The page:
Yeah. That was a novel I read that I fell totally and completely in love with, and I just really connected to a lot of it. It was about the birth, in many ways, of the present American oil industry. And there was also, at the core of it, a father and son relationship that I thought was very poignant. So I contacted the estate of Upton Sinclair … and obtained the rights to the book. And I wasn’t really sure what I was going to do with it.
I was approached by Paul Thomas Anderson — who was literally the only other human being I had ever met who had read the book. He felt very passionate about the book. And Daniel Day-Lewis did as well, so they very much wanted to make this movie. And I thought, well, here’s one of the handful of really great directors of the moment and here is probably the greatest actor of my generation. So I gave the book over to them.
I’ve talked to Paul about it, and I’ve read his screenplay, but I’m not actively involved in that in the same way that I have been with Fast Food Nation. I hope it’s a great success.
Fast Food Nation is somewhat related to another Sinclair book, The Jungle. It’s an interesting connection.
This film pays homage to The Jungle, it really does. It’s similar in using meatpacking as a way to literally look at what’s happening in this country … what’s happening in the slaughterhouses is a pretty good metaphor for a lot of what’s happening right now.
How do you think food issues and Fast Food Nation relate to environmentalism?
Well, you can’t pull apart the system. You have to look at it in totality. The same system that is treating workers like they’re disposable is treating [land and] animals like they’re industrial commodities. There’s no sense of stewardship. There’s no long-term vision about what is sustainable or what’s not. This is about short-term profits, pure and simple.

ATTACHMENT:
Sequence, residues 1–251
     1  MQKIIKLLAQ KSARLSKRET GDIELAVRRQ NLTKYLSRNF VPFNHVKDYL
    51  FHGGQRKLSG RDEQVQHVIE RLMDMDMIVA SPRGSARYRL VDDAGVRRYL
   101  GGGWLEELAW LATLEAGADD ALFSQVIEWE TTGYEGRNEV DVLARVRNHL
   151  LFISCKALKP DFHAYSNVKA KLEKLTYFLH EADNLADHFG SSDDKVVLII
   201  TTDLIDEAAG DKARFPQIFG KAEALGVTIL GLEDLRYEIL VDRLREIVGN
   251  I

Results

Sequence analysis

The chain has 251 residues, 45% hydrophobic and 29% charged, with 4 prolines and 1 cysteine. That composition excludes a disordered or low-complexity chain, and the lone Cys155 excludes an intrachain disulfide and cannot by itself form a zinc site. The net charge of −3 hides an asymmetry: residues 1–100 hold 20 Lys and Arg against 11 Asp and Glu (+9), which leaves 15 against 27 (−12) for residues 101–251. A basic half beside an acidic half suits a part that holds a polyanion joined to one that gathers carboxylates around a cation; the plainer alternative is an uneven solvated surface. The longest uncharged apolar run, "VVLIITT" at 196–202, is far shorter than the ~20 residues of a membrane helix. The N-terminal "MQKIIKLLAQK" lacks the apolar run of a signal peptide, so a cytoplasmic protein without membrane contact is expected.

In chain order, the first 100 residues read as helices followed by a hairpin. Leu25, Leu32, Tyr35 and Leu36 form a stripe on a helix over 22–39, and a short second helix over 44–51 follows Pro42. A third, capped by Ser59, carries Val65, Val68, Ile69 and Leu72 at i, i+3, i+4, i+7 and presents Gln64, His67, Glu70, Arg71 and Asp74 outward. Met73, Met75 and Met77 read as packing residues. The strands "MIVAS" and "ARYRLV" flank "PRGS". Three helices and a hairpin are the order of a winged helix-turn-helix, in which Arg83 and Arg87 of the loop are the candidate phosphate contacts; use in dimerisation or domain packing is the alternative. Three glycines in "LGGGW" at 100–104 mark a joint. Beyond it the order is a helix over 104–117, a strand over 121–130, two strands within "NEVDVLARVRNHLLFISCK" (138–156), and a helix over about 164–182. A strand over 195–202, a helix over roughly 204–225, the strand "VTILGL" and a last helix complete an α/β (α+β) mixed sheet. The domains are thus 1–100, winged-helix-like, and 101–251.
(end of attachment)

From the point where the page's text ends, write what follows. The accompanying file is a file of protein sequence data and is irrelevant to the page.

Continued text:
If you look at the values that are much more traditional in agriculture, it’s something that’s handed down generation to generation. So there’s a long-term view, there’s a sense of stewardship because you expect your family to be there for generations. It’s just totally different from one of these agribusiness companies that, you know, if it makes more sense to plow it under and put up a shopping mall, they’ll do that.
One of the problems I have with the mainstream environmental movement is it tends to be narrowly focused on very specific problems and often isn’t concerned about human beings as part of the natural environment. I think people and animals are as much of a concern as wetlands or the environment, so I’ve really tried to encourage environmental activists to broaden their view and to include human beings and to see that this system that is polluting water is also maiming poor people. I would really encourage anyone who reads this who is an environmentalist to think about broadening the view and broadening the coalitions for change, because the one other group that you could include is consumers. There’s a connection between a system that’s poisoning the land and really sickening the people who eat the food.
As consumers, should we focus on buying locally, organic, vegetarian? Should we fight the subsidies that these companies are getting, pressure companies … ?
It all sounds good. I’m not a vegetarian, but there’s no question that a vegetarian diet is much more sustainable for the land, is much more sustainable for many of the people eating that way. I eat meat, but not every day. I don’t buy industrial meat.
If I had a choice between eating produce that was local or eating produce that was organic and shipped from China, I would probably choose the local. It’s complex, but the goal is a system that is sustainable. The agro-industrial complex that we have right now — that is treating animals this way, that is treating the land this way, that is treating human beings this way — has only really been around for 30 to 35 years, and we’re already seeing huge costs in health, in terms of the environment, in terms of just cruelty. So this system isn’t sustainable.
Each one of us who eats is part of that. If you eat, you’re connected to this, and you’ve got to think about it and do something about it.